COLUMN: The socioeconomic benefits of abortion
The United States is always talking about abortion.
It comes up in political campaigns, Senate confirmation hearings of Supreme Court nominees and, more recently, the debate on health care policy.
But of all the reasons to support or oppose abortion, discussed repeatedly in our national dialogue on this matter, I find the socioeconomic benefits are often overlooked.
For instance, according to research published by Jean Schroedel, a professor of political science at Claremont Graduate University, states that oppose abortion spend far more taxpayer dollars on foster care, education, welfare and the adoption of children than those with lax abortion laws.
She also found that women in these states suffer from lower levels of education and higher levels of poverty. There is a larger gender pay gap and fewer mandates requiring insurers to cover minimum stays in the hospital after giving birth in these states.
Phillip Levine, a professor of economics at Wellesley University, notes in an interview with The Atlantic that after Roe v. Wade, there was an observable increase in college graduation rates and lower rates of childhood welfare.
A 2001 study published in the Quarterly Journal of Economics found that the dramatic crime reduction in the mid-1990s was due, in part, to the legalization of abortion 20 years prior.
And a review by the Guttmacher Institute of 66 research studies found that couples who experience an unintended pregnancy are more likely to develop depression and anxiety, experience failed relationships post-birth and have poor relationships with their children.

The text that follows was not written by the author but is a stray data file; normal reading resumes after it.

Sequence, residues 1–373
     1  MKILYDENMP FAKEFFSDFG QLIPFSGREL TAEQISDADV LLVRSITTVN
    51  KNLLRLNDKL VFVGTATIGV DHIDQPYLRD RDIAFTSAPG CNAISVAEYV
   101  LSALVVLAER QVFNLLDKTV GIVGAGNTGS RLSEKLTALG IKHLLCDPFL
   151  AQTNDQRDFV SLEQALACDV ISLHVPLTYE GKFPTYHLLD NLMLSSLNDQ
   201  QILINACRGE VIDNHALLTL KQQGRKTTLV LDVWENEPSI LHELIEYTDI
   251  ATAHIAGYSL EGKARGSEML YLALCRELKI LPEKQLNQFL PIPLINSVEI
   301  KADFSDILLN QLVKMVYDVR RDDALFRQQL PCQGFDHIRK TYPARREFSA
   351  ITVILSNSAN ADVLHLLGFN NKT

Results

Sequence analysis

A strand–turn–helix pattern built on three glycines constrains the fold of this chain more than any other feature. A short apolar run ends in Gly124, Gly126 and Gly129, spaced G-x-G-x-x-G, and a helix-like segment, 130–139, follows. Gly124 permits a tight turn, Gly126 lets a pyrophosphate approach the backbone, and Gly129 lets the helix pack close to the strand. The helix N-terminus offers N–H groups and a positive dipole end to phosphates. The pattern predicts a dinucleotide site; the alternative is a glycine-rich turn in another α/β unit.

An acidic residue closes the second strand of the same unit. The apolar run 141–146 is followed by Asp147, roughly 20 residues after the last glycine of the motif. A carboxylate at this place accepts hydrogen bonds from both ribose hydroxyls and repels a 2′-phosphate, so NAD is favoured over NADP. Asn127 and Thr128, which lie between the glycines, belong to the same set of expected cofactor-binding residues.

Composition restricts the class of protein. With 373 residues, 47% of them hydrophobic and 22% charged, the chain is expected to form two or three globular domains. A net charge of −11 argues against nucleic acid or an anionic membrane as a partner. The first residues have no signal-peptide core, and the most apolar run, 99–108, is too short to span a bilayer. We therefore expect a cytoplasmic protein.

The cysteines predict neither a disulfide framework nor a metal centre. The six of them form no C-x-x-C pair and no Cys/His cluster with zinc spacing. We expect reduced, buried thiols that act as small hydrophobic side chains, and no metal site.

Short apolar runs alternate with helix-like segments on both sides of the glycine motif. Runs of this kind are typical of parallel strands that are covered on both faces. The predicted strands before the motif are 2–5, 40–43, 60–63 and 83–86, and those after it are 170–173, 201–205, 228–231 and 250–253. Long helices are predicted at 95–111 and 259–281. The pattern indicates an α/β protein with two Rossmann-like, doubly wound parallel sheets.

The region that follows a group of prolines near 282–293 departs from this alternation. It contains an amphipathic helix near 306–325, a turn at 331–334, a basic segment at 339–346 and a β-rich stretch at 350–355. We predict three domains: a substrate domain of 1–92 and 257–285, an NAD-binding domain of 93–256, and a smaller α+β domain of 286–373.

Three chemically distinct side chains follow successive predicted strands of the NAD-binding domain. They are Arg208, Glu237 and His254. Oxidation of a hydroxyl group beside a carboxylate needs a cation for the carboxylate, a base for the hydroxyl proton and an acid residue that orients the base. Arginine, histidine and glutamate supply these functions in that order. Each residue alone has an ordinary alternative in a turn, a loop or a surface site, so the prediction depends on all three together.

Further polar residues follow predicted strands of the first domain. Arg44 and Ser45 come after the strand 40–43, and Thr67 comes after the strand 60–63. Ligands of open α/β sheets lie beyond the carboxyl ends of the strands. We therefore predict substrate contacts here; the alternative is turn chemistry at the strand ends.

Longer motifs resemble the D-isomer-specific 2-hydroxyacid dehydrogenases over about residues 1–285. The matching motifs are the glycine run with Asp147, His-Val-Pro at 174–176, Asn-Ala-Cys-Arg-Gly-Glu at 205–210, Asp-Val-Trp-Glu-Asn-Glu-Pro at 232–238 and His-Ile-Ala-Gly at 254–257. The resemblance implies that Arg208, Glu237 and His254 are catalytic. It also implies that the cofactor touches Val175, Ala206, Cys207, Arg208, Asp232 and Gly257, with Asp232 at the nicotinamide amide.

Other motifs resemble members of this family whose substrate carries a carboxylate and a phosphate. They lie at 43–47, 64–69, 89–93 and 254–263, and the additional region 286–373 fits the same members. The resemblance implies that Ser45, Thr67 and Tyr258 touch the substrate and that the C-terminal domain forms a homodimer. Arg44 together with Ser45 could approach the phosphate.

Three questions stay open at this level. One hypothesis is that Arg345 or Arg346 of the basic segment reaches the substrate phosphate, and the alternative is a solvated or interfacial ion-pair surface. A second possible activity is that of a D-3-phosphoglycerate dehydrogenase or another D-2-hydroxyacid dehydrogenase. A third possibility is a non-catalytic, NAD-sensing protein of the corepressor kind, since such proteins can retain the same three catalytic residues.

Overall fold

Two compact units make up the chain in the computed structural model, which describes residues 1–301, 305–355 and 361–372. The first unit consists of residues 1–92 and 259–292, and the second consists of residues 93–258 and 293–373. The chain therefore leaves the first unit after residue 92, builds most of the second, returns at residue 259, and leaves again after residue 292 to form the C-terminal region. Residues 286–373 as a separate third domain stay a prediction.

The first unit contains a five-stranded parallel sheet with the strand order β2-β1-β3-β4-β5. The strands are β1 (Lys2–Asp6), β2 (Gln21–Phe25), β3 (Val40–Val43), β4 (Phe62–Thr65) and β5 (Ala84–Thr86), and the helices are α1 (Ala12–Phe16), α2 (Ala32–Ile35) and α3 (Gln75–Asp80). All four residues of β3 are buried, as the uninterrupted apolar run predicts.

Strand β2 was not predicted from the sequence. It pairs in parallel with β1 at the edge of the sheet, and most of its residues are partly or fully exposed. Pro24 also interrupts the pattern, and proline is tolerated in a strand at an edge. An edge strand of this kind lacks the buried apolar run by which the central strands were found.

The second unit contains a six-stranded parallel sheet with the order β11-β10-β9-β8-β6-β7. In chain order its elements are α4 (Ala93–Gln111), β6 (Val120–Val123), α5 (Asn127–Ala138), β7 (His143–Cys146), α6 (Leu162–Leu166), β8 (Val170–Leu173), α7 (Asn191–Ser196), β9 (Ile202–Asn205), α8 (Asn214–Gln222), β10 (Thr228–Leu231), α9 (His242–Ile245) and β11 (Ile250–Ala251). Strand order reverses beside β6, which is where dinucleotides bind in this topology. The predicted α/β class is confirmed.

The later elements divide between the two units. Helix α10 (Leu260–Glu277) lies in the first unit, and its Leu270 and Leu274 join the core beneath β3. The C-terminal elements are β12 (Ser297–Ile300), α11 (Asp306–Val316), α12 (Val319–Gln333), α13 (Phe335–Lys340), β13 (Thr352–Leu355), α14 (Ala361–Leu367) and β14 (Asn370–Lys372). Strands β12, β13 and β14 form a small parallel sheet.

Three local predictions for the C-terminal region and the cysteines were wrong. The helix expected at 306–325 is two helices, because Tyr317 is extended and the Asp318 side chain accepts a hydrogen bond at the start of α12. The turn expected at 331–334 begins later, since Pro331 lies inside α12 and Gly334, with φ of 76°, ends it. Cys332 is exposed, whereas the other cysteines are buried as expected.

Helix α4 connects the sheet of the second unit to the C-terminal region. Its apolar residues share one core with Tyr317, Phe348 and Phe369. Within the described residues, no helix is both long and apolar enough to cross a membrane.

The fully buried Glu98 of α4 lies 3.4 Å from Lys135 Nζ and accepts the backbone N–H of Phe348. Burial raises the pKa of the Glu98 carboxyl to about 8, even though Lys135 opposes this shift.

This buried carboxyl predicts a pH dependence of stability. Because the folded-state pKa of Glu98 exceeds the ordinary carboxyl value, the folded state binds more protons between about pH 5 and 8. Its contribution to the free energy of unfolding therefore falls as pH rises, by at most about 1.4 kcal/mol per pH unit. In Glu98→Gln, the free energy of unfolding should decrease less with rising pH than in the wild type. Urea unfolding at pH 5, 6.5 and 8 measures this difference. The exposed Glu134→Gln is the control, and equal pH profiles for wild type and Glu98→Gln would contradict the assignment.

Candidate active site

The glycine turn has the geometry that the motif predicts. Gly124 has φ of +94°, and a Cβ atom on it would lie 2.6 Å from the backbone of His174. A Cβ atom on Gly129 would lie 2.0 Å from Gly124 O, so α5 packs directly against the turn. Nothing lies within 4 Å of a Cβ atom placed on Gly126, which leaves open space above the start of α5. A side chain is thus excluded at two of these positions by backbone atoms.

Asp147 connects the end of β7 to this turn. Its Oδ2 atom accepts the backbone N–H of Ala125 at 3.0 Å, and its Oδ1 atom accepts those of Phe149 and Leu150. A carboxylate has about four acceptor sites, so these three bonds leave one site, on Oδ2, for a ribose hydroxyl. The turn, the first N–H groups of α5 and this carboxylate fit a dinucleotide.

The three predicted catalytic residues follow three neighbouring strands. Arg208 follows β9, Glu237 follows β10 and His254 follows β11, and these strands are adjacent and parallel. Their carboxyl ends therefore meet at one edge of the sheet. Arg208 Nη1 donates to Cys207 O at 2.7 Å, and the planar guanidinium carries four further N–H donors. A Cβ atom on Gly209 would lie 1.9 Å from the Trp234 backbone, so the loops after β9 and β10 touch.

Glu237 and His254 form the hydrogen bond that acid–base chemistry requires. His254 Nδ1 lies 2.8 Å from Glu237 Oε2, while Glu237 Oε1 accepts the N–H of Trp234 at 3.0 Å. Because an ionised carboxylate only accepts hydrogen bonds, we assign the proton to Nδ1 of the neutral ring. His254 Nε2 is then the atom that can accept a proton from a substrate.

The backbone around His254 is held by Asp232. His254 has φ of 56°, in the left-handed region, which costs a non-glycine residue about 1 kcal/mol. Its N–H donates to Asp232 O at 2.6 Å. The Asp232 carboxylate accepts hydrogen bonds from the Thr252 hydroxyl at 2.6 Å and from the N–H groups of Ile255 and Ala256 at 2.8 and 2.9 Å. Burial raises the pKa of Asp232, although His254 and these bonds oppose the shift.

There are clear social and economic benefits to keeping abortion legal and utilized.
Ignoring the data, some are often quick to say women should be forced to deal with the consequences of their actions and shouldn’t have sex if they’re not ready to have a kid.
Essentially, these people are saying women shouldn’t be allowed to use advanced medical technology to remedy a situation that yielded unwelcome results.
But this is something men do frequently.
According to the Center for Disease Control, the leading cause of death among men is heart disease. According to the National Heart, Lung and Blood Institute, heart disease is primarily caused by smoking, unhealthy diets and a lack of exercise—all of which are irresponsible choices.
And, yet, we wouldn’t suggest that men should be denied medical treatment because they need to deal with the consequences of their actions.
This argument is nothing more than a senseless double standard disproportionately imposed on women seeking abortions.
From here, the only possible retort to these arguments is that abortion is immoral—or, wrongly, murder. These beliefs are largely religious, as the medical community hasn’t recognized humans and fetuses as biological and neurological equals.
More importantly, the government of the United States should not act in a way that affirms a certain moral position. Its sole mission should be to promote and protect the well-being of the greatest number of American citizens in the most effective way possible.
Because access to abortion promotes our well-being by almost every metric of public life, as demonstrated above, keeping abortion safe, legal and well-utilized satisfies the government’s purpose.
Until abortion proves to be detrimental to the quality of life for American citizens, abortion should be uncontested as a matter of public policy.
Morality is for individuals—or groups, in some settings. Morality is not the business of the government.
The conversation on abortion should end there.
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